(RFP). Shh is a secreted protein that is produced and released by floor-plate cells, thus forming a gradient in the ventral spinal cord (Figure 1B and C). When a control bactin-RFP plasmid was injected into the central canal of Hamburger–Hamilton (HH) stage 18 chicken em-bryos followed by bilateral electroporation, we saw no significant change in the average intensity of Shh immuno-fluorescence at HH26 compared to untreated embryos (Figure 1E; higher by 7 ± 10.8% SEM). However, when bactin-RFP-miShh was electroporated, we saw a 42 ± 12.5 % reduction in Shh (Figure 1G; P = 0.0015). Electroporation with either the RFP or bactin-RFP-miShh plasmid produced strong red fluorescence making it easy to identify transfected cells in the spinal cord (Figure 1D and F). We calculated that the transfec-tion efficiency of our bilateral electroporations is 51.8% ± 1.3%. Therefore, an average knockdown of 42% at the protein level represents 80% of the theoret-ical maximum that could be achieved. Since any Shh ex-pressed prior to electroporation would be unaffected, the results suggest that our miRNA approach very effectively downregulates Shh in the targeted cells.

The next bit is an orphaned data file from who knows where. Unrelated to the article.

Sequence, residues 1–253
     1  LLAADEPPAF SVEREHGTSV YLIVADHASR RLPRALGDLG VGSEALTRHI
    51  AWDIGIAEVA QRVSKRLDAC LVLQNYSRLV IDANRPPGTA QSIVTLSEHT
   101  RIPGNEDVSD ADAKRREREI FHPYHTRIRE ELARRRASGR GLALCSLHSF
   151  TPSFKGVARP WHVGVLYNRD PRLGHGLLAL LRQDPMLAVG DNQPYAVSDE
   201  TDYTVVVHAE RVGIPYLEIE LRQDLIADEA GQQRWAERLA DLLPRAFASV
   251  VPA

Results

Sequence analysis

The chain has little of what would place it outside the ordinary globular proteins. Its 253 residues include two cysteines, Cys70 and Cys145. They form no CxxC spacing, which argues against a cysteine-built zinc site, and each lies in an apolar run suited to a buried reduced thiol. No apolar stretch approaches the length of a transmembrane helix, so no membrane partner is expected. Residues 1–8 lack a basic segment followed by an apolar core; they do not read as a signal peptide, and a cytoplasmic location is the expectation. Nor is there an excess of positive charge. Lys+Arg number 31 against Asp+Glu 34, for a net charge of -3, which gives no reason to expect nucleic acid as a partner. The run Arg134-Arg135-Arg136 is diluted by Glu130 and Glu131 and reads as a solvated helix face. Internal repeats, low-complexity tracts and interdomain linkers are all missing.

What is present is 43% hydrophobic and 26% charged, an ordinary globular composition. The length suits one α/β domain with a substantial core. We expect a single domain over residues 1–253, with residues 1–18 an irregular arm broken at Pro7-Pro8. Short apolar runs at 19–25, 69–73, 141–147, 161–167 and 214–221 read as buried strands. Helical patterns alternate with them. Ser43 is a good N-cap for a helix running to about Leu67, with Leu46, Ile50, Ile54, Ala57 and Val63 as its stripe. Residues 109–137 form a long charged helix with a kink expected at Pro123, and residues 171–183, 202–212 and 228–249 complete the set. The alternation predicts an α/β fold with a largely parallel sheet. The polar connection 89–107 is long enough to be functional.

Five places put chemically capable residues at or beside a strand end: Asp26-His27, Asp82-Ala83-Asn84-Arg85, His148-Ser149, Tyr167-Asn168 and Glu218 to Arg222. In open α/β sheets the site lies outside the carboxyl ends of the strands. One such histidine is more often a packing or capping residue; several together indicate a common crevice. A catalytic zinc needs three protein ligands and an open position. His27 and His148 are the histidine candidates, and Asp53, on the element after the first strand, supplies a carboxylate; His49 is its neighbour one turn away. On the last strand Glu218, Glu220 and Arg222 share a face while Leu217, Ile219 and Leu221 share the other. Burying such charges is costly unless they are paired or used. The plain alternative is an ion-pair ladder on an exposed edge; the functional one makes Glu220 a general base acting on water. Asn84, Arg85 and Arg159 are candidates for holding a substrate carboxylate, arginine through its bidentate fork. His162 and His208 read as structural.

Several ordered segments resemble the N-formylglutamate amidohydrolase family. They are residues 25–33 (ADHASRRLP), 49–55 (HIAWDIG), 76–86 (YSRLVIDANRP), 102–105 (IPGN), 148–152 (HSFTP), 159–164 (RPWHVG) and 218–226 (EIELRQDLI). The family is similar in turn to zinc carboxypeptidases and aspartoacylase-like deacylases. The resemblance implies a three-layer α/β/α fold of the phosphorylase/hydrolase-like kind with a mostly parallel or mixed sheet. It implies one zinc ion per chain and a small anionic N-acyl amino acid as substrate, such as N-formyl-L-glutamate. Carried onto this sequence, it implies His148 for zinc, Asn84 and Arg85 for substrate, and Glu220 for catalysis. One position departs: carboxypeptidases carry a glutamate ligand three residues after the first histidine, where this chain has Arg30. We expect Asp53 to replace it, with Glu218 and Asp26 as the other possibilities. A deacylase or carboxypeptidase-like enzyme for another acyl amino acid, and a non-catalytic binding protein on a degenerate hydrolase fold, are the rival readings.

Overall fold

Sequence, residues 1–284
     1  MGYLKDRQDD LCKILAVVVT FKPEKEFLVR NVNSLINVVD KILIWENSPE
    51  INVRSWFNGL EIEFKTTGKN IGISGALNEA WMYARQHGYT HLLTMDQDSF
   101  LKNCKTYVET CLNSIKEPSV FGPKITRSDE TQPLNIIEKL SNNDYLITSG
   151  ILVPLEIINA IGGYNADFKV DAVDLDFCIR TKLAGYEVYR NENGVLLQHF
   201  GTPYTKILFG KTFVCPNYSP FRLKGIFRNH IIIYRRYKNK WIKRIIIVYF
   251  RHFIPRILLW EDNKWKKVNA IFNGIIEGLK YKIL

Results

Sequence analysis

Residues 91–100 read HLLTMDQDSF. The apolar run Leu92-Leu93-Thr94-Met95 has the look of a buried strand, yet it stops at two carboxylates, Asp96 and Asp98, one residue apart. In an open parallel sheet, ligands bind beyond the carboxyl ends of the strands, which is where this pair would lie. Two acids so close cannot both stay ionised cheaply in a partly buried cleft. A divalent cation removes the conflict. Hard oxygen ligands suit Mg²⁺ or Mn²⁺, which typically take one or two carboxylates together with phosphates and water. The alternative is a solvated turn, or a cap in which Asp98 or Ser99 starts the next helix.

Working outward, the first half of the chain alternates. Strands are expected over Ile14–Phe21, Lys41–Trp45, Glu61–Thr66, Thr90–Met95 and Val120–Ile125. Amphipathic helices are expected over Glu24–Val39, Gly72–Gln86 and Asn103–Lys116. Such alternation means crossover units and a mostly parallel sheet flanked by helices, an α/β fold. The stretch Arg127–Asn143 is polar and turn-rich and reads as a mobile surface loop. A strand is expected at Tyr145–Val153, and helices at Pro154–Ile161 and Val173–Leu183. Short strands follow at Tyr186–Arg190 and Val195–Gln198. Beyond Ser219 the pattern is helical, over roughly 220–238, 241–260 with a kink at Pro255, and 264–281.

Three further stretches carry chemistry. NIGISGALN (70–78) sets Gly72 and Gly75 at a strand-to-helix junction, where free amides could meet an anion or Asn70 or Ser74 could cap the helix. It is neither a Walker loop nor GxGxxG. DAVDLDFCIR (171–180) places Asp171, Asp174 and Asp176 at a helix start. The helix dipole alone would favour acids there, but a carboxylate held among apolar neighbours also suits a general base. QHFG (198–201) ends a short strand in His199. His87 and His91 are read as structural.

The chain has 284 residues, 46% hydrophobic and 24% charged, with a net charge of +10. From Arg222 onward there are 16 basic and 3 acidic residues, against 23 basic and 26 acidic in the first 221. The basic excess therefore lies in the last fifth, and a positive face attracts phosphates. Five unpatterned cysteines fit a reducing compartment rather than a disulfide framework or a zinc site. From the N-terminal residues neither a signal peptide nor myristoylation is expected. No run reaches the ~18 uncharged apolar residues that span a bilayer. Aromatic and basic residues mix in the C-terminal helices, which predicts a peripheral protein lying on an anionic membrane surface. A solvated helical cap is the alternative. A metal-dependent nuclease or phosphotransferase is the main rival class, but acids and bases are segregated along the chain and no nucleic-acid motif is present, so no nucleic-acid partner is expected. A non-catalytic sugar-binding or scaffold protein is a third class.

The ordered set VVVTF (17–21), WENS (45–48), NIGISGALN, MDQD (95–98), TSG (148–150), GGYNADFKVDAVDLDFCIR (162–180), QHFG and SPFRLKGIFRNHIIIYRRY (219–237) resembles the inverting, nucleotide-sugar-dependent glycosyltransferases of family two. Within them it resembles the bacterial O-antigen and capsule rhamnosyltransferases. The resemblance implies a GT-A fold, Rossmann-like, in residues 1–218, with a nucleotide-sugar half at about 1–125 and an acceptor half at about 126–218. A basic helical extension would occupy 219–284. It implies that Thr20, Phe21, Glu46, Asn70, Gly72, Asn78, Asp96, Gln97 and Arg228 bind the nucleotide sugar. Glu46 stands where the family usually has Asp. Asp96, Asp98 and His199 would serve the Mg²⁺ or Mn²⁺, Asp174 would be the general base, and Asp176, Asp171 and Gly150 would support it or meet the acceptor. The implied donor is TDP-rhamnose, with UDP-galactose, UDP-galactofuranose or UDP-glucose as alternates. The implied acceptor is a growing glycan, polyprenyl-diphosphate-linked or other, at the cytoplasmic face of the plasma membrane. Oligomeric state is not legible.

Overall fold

To test whether the knockdown of Shh was due to the specific activity of the miRNA rather than global gene downregulation, we immunolabeled sections with anti-bodies against an array of spinal cord markers, including HNF3b, Nkx2.2, Islet1 and Pax 7 (32,33). Although Shh is a morphogen that specifies cellular differentiation during early neural tube development, perturbation of Shh signaling after HH18 no longer affects spinal-cord patterning (3).